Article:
The New York Times has declared down home Southern cooking undignified in a story that heaped praise on a new generation of Southern chefs while denigrating fried chicken, Cracker Barrel restaurants and the Queen of Southern Food — Paula Deen.
The food snobs at the Times attacked Miss Paula in the second sentence of their lengthy diatribe – calling her a “so-called queen of Southern food, who cooks with canned fruit and Crisco.”
The Times bemoaned the “hayseed image” of Southern cooking while praising “a new generation of chefs who have pushed Southern cooking into the vanguard of world cuisine.”
Their headline proclaimed – “Vanquishing the Colonel – Farmers work with chefs to restore Southern cuisine’s dignity.”
You can read the entire story by clicking here.
“Today, purists believe, Southern cooking is too often represented by its worst elements: feedlot hams, cheap fried chicken and chains like Cracker Barrel,” the Times whined.
Perhaps The New York Times should consider first restoring its own dignity before launching a crusade against shrimp and grits.
It seems to me that the “so-called” queen of Southern cooking should fly up to New York City and take a cast iron skillet to the backside of the “so-called” newspaper that printed such nonsense.
But Miss Paula is a genteel Southern lady and would probably just shake her head and say, “Oh Lord, y’all.”
So as a proud son of the South, I believe it is my duty to defend the honor of our skillet fried chicken, our ham hocks and our sweet potato pies. Nobody speaks ill of butter and gets away with it.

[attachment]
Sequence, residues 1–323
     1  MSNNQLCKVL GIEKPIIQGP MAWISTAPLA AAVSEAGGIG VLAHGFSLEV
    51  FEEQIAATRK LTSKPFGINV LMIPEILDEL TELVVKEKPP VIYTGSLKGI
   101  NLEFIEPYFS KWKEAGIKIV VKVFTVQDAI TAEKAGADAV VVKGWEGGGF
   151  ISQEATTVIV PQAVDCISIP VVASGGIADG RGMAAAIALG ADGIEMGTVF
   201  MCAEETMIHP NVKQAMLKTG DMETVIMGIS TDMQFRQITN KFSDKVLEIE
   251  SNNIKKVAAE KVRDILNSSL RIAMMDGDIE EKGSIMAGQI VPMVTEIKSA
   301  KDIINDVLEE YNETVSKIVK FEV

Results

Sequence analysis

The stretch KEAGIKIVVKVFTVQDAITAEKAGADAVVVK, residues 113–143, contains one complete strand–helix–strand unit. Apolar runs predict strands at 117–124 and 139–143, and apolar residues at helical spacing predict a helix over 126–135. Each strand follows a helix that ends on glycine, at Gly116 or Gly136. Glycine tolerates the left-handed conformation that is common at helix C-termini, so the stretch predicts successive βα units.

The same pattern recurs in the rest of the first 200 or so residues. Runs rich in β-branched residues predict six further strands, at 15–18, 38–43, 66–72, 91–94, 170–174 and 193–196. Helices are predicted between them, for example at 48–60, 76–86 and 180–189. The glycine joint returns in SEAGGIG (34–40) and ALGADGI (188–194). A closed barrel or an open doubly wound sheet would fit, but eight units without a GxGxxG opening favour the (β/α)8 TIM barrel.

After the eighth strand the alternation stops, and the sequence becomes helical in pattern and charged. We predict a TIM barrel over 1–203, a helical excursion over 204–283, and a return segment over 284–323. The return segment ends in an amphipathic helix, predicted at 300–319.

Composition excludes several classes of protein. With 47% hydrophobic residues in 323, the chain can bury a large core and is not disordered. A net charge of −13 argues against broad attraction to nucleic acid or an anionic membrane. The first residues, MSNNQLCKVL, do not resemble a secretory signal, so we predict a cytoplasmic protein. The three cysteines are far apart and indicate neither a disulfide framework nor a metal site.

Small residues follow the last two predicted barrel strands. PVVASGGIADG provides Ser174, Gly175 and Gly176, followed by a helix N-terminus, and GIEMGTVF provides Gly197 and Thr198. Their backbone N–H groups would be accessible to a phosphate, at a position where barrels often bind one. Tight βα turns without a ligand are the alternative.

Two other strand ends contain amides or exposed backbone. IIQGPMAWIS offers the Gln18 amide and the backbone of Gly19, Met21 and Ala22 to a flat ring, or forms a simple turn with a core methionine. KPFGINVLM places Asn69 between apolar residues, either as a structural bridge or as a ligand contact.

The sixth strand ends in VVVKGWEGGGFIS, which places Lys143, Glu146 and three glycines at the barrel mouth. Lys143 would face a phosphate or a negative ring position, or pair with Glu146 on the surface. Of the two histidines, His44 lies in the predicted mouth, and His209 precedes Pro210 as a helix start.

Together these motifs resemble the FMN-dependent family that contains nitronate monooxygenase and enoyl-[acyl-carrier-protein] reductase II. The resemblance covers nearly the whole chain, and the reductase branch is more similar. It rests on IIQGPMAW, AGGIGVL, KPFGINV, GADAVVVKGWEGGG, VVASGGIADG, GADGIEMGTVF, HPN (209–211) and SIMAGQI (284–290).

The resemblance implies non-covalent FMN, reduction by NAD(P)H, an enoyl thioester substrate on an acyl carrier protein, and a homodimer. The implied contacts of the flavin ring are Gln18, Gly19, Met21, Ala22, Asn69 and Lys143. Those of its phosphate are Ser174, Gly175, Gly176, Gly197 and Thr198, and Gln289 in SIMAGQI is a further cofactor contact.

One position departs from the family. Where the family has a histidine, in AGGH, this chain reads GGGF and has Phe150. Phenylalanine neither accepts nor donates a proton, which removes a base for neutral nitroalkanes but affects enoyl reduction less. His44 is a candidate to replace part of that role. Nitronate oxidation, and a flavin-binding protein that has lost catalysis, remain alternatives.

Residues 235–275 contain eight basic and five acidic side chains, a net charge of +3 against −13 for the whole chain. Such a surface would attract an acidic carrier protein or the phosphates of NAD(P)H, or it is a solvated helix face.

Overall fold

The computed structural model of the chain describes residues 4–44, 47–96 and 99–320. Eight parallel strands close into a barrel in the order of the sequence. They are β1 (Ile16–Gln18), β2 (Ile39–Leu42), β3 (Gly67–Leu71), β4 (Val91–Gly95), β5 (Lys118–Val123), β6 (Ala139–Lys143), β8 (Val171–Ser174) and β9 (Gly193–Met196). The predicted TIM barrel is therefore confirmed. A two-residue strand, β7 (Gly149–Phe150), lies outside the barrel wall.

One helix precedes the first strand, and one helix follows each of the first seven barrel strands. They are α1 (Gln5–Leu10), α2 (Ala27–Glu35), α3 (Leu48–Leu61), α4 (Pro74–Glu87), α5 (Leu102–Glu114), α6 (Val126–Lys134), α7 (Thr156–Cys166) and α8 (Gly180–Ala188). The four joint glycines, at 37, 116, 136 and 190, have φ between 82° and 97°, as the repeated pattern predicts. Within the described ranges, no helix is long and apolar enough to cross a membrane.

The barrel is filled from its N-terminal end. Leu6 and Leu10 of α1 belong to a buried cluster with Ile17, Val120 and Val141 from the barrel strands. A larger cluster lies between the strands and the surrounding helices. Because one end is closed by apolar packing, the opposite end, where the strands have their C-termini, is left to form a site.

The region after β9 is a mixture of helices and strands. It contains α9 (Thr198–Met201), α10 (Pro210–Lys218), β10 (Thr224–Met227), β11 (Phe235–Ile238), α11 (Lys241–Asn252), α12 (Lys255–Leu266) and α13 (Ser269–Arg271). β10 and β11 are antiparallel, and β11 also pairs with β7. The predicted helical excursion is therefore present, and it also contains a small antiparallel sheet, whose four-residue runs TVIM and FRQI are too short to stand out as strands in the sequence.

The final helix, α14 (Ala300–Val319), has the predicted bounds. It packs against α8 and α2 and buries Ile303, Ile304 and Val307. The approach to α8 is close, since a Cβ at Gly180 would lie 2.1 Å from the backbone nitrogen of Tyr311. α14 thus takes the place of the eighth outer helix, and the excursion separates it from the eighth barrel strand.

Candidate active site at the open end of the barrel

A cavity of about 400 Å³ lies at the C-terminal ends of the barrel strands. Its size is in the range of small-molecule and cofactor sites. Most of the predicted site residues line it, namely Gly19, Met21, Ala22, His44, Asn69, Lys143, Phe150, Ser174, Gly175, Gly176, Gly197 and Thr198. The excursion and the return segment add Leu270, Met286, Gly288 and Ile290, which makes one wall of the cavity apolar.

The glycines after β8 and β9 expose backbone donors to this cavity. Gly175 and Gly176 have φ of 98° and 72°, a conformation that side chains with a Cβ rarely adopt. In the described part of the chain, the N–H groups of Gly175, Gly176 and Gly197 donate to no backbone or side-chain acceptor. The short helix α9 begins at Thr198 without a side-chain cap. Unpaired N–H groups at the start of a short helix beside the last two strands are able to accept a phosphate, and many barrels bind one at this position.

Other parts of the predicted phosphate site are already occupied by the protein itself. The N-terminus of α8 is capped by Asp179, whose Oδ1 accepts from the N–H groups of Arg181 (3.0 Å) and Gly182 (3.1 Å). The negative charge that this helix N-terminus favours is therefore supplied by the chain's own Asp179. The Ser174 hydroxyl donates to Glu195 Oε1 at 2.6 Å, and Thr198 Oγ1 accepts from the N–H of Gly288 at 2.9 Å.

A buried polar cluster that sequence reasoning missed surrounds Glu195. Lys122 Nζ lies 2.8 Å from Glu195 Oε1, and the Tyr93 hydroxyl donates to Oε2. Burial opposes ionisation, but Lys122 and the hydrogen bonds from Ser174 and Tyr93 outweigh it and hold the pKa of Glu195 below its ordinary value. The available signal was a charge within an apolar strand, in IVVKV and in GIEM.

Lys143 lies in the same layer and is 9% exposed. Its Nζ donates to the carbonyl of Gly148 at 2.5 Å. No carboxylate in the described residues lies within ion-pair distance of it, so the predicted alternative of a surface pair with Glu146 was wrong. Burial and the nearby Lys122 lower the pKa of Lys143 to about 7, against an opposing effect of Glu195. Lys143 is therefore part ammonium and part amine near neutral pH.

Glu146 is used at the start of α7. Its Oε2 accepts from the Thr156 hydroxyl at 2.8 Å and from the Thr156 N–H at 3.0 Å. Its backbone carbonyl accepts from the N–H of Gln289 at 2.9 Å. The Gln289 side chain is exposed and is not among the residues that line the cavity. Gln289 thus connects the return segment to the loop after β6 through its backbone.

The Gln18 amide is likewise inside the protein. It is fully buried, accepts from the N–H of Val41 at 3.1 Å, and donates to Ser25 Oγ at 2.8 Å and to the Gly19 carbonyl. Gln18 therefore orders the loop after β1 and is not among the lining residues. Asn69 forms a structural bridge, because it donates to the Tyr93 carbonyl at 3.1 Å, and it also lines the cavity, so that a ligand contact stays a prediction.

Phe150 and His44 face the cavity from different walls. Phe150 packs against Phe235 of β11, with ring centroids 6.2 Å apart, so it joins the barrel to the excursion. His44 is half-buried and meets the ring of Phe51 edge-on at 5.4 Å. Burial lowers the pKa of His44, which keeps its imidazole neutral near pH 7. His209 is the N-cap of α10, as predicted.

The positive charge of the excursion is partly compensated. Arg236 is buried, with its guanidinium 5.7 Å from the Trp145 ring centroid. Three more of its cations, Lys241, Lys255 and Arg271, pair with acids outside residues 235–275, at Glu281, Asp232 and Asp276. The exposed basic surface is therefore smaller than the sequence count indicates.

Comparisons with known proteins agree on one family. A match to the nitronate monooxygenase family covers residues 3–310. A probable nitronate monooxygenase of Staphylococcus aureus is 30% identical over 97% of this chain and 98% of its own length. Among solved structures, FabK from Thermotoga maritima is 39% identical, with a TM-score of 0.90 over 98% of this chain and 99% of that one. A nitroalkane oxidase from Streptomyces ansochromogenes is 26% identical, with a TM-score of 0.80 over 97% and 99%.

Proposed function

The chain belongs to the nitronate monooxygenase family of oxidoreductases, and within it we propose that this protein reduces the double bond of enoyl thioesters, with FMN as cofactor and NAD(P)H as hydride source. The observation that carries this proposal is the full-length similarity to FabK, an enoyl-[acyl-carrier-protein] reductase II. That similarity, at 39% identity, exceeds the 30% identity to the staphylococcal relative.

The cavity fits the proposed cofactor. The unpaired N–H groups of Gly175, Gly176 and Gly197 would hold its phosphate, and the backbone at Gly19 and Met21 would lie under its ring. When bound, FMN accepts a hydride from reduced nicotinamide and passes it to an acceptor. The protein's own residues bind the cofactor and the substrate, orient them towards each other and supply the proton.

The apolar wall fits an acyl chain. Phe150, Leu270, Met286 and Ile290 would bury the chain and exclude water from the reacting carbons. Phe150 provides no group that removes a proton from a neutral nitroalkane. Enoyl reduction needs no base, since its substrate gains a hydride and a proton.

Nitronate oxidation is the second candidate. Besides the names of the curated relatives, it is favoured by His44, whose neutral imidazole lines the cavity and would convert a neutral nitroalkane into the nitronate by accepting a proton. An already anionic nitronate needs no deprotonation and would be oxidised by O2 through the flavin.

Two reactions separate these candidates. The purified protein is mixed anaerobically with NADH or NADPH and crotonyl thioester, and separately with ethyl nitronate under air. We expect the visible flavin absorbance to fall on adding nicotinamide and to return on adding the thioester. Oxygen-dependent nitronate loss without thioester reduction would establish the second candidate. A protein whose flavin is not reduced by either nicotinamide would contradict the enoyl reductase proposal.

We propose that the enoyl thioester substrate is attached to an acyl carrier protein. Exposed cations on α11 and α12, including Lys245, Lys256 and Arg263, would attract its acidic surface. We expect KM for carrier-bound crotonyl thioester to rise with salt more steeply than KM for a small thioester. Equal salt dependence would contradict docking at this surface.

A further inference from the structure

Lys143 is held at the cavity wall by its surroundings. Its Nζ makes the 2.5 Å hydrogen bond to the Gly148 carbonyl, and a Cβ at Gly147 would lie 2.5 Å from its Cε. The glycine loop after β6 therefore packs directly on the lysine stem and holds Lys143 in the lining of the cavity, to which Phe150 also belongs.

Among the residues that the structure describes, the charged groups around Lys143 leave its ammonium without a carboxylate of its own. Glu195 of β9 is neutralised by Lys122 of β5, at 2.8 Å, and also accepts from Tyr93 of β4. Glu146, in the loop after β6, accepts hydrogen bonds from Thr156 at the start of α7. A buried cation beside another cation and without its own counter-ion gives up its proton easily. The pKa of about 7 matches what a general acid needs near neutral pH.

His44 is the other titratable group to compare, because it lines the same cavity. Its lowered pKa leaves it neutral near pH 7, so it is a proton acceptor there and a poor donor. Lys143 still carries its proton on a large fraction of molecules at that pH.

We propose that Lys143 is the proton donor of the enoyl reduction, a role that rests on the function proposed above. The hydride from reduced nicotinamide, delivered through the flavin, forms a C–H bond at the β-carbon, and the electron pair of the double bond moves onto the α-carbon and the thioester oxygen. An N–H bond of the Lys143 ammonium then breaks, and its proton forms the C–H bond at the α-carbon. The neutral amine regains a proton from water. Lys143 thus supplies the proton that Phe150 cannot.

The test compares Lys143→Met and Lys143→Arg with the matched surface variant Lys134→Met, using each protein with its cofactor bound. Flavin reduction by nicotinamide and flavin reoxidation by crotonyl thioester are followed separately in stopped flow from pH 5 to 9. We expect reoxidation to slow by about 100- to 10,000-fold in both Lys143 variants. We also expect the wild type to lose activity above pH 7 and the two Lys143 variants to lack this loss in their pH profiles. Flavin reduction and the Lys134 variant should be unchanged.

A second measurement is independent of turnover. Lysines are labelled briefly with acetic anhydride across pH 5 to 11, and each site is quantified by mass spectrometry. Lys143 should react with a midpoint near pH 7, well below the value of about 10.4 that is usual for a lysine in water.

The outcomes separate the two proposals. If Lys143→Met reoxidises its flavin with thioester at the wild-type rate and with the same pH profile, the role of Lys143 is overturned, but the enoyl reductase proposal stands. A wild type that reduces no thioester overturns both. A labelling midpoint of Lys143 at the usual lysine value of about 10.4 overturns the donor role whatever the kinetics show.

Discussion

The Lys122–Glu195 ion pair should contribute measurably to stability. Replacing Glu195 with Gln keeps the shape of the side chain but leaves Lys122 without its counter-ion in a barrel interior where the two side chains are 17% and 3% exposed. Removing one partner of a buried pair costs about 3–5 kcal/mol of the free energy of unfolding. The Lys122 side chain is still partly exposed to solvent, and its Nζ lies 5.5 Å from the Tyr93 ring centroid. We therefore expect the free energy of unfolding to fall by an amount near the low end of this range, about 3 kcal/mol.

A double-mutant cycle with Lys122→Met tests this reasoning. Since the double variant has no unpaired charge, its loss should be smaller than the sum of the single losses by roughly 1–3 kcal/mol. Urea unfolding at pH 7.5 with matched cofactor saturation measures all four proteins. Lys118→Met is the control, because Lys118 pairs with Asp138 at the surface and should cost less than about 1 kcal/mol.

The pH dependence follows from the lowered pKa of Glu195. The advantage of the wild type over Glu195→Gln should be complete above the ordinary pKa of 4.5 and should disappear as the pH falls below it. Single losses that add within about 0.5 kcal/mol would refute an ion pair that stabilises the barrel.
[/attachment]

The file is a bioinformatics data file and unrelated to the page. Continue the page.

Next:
For the record, I happen to have a Cracker Barrel rocking chair in my office at the Fox News Corner of the World – along with several copies of Paula Deen’s cookbooks. That being said – I’m really not quite sure why The New York Times felt compelled to launch a broadside against the traditional cuisine of the Southern states.
I’ll take a Cracker Barrel Meat Loaf sandwich and a slice of their Double Chocolate Fudge Coca Cola Cake any day of the week — over the slop they serve at those five-star New York City restaurants.
Does The Old Gray Lady really want to pick a food fight with Alabama or Mississippi? There’s a reason why the Magnolia State is the plumpest in the nation — it’s called banana pudding.
In New York City, they eat boiled animal tongues. In the South we use our tongues for licking our fingers.
Southerners eat buttermilk biscuits and sip frosty glasses of sweet tea. New Yorkers nosh bagels and drink seltzer water.
New Yorkers eat fermented soy and tuna tartar – while folks in Tennessee eat fried catfish – with tarter sauce.
As an expatriated Southerner living in Brooklyn, I’ve come to realize that this quest to redefine Southern cuisine has taken root in the Big Apple. Chefs who couldn’t succeed in Dixie have moved north to ply their trade. It’s a movement called, “New Southern Cuisine.”
To be fair, I decided to visit one of those so-called “New Southern Cuisine” restaurants the other day. To their credit, they served sweet tea. But that’s about the only southern thing in the building.
The first item on the menu was “Black-eyed Pea Hummus.”
I threw up a little inside my mouth.
The waiter brought my iced tea and suggested I try something they called “Arugula Smear.”
I wasn’t sure if I was supposed to eat it or wipe it.
I paid for my sweet tea, went home and whipped up a batch of Miss Paula’s macaroni and cheese. And as I sat down at my table, I prayed this prayer:
“Dear Jesus, thank you for butter. Amen.”
So let this column be a warning to my fellow Southerners. Take up your cast iron skillets and prepare to defend our kitchens from the Yankee invaders. And let our rally cry be heard from the beaches of Biloxi to the mountains of Gatlinburg – the only good chicken is a fried chicken.
So praise the Lord and pass the biscuits.